A changed Oregon Convention Center
Long a familiar presence on Martin Luther King Jr. Boulevard, the convention center's pandemic duty gave it soul.
For more than 30 years, it has been the most prominent Portland building east of the Willamette River, stretching for several blocks along Martin Luther King Jr. Boulevard.
With its twin glass spires, the Oregon Convention Center has been a distinctive part of our skyline for more than a generation.
However, until this year, I'd wager that the convention center was not a local landmark — at least not in the truest, deepest sense. It was well-known, functional and successful, but not beloved. But as with another very prominent work of local architecture, the Portland Building, the convention center reminds us that history can change.
After all, "landmark" really has multiple meanings. It can refer to a recognizable part of the landscape or the built environment: a place that stands out from a distance. We also use the word in an official sense to designate significant old buildings for protection. But that same word also denotes a turning point: an event that takes us from one chapter to another, and that we remember as a result. That's what really makes buildings matter: the meaningful memories they accrue.
Since its 1990 opening — and all the more since a 2003 expansion — the ZGF Architects-designed Convention Center has played host to countless gatherings of comic book enthusiasts and job seekers, epidemiologists and antique-furniture collectors. It draws hundreds of thousands of visitors each year — out-of-towners and locals alike.
Yet with its gargantuan square footage and its beige, corporate interiors, the interior has always felt like an airport without any planes. You could seemingly park a 747 in some of these ballrooms, and when you come out of them, it's hard to remember where you are in relation to the street outside. There is an impressive collection of public art on display, yet not enough to overcome the sense of vast blandness.
Maybe, though, the Oregon Convention Center was just waiting for its defining moment. In 2021, like never before, this building participated in Portland history: as a mass-vaccination center, with more than 500,000 shots given by mid-May. It's provided a surprisingly moving civic theater and collective experience.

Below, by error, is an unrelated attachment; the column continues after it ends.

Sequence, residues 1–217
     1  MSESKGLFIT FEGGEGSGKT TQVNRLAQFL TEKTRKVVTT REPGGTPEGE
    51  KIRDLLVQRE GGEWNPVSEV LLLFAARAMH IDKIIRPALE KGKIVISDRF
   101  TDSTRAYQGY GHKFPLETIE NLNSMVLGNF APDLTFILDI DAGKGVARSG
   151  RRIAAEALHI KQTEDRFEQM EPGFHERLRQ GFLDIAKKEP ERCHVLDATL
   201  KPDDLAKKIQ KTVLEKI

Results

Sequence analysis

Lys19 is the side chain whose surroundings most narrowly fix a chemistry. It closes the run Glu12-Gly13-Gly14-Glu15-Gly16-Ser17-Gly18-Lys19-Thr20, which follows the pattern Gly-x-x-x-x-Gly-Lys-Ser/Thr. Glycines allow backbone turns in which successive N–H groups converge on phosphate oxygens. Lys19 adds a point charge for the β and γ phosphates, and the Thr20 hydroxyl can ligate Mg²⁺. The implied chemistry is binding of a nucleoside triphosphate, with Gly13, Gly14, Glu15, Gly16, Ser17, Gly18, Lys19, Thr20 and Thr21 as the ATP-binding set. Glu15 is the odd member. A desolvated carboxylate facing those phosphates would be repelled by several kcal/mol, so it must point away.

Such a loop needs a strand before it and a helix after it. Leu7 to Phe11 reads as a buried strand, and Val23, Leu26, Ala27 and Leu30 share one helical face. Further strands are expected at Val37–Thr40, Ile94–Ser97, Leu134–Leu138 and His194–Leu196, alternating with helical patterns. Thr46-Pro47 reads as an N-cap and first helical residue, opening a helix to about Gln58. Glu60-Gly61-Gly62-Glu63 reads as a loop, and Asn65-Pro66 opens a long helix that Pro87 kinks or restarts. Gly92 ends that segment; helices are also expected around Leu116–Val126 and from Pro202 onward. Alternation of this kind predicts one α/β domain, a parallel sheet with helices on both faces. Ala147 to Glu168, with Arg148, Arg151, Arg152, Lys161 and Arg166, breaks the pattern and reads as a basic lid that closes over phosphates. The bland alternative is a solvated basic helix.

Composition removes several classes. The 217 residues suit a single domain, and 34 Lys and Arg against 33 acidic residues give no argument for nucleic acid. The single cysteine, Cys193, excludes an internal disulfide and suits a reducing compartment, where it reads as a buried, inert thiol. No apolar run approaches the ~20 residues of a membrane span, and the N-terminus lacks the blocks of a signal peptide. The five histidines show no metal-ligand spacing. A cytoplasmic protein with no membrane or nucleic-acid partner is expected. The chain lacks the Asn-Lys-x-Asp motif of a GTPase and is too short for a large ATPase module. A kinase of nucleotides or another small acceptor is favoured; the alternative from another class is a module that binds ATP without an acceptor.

I remember feeling trepidation as I entered the building to be vaccinated, with so many people pouring in alongside me after a year spent avoiding such situations. Yet within seconds of passing through the Convention Center's glass doors, I marveled at the well-oiled machine that this mass-vaccination site had become. No one ever seemed to be waiting in line despite a thousand people receiving the shot each hour.
It wasn't just the vaccinations themselves that created a sense of a shared historical moment. It was the army of cheerful volunteers, determined to not only move us from spot to spot but to make us appreciate that our world had just changed for the better. There was a sense of mild euphoria permeating the concrete block and the fluorescent lights of the stripped-down ballroom, not just that we were all newly immunized against the greatest pandemic in more than a century but that we had come through it together.
There were people of every color in that massive room with me, people of every (adult) age, not to mention urban and rural denizens, Democrat and Republican voters, Duck and Beaver fans. This was a communal experience on a grand scale at a time when communal experiences have been missing from our lives.
From now on, that euphoric feeling, not the cavernous contemporary architecture, is what I'll think of when I pass by the Oregon Convention Center. And I'm just one in hundreds of thousands.
Brian Libby is a Portland freelance journalist, critic and photographer who has contributed to The New York Times, The Atlantic and Dwell, among others. His column, Portland Architecture, can be read monthly in the Business Tribune or online (portlandarchitecture.com).
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